David Reyero – Aedipe Centro – July 2013
In the present year, 2013, I turned 40 and, fortunately, I have not yet suffered the famous, or infamous, “crisis” associated with such an age. I did, however, make the most of the moment and stopped to think about the things I would keep the same and what I would do differently if I were to begin my professional life anew.
An interesting exercise is to “stop and think” about what is essential and what gives more value to people management and to analyze, in parallel, the current overall level of maturity of this key function.
To define such ideas, I have resorted to my 17 years of experience in Human Resources in very different companies and industries and to what I have learned from my frequent conversations with colleagues in a number of business and people management forums.
Here are a few thoughts I hope will help people management professionals in their daily work scenarios in such times of turbulence, numerous priorities and concerns.
1. Human Resource professionals have evolved a great deal in recent years, complementing the historical task of personnel or people management with a good technical level in the main key processes of people management (recruitment, development, compensation, labour relations…)
2. Although the function has increasingly gained strategic weight in companies, this positive evolution has had its ups and downs due to economic cycles, organizational culture, the profile and influence of HR professionals and the vision of companies’ senior management regarding people management.3. To consolidate this strategic role, I believe we should refocus our priorities and efforts to devote more time to strategic activities, in order to generate greater added value to companies on the basis of people management with greater long-term impact. According to the latest international studies, the time invested in the strategic aspects of human resources continues to be low (15% on average). In my opinion, these are the areas to which we should devote some “quality time”:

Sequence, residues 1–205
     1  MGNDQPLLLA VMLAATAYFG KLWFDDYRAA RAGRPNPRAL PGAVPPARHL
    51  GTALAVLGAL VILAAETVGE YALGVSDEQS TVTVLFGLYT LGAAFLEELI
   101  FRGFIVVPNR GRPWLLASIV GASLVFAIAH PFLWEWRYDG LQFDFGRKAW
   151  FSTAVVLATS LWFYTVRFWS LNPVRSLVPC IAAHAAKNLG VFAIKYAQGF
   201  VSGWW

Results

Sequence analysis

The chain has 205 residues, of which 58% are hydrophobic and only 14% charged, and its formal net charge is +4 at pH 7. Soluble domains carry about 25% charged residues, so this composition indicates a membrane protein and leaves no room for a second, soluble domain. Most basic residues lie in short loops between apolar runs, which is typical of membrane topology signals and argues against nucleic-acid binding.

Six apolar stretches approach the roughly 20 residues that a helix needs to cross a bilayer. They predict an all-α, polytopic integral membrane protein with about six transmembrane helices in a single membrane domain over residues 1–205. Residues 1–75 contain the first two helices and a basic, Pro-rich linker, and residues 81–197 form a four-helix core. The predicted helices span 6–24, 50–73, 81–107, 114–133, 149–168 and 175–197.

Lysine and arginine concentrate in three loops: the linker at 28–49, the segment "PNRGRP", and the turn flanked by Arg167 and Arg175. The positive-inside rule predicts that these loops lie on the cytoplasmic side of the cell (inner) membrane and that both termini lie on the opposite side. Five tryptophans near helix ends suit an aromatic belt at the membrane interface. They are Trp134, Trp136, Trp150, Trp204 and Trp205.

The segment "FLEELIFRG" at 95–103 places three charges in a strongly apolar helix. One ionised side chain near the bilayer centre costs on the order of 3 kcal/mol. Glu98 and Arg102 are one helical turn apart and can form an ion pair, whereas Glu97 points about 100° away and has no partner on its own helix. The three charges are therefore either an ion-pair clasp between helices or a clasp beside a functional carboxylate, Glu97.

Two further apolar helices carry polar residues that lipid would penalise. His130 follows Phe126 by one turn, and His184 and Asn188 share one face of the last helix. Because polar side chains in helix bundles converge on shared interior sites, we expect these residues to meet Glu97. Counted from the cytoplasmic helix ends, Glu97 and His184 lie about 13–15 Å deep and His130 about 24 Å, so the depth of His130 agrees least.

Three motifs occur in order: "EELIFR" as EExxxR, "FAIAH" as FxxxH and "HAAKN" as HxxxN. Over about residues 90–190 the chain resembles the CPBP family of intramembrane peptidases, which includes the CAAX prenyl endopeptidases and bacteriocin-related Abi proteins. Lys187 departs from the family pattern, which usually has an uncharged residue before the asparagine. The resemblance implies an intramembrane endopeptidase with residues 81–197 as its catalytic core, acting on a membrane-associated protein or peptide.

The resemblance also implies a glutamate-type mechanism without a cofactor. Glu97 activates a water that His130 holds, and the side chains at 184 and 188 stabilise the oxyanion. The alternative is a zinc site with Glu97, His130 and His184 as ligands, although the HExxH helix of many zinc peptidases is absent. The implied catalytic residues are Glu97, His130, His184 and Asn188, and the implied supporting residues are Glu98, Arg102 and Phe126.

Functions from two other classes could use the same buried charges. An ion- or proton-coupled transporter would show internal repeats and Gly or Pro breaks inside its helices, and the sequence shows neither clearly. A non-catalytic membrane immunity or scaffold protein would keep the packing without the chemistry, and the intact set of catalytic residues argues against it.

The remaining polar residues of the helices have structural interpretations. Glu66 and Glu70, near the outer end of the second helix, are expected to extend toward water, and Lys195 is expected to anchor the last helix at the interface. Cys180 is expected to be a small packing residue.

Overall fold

Knowledge and direct contact with company employees: Human Resource professionals must devote more time to “leaving their offices” and talking to people with different profiles. In particular, we have an obligation to understand the business in depth and establish direct contact with the teams who are closest to our customers in order to improve the solutions we provide and to gain credibility and internal influence. It is, therefore, essential that we boost our strategic focus and be permanently up to date with the latest developments in global business management, which will also be excellent synergy with our technical experience in people management.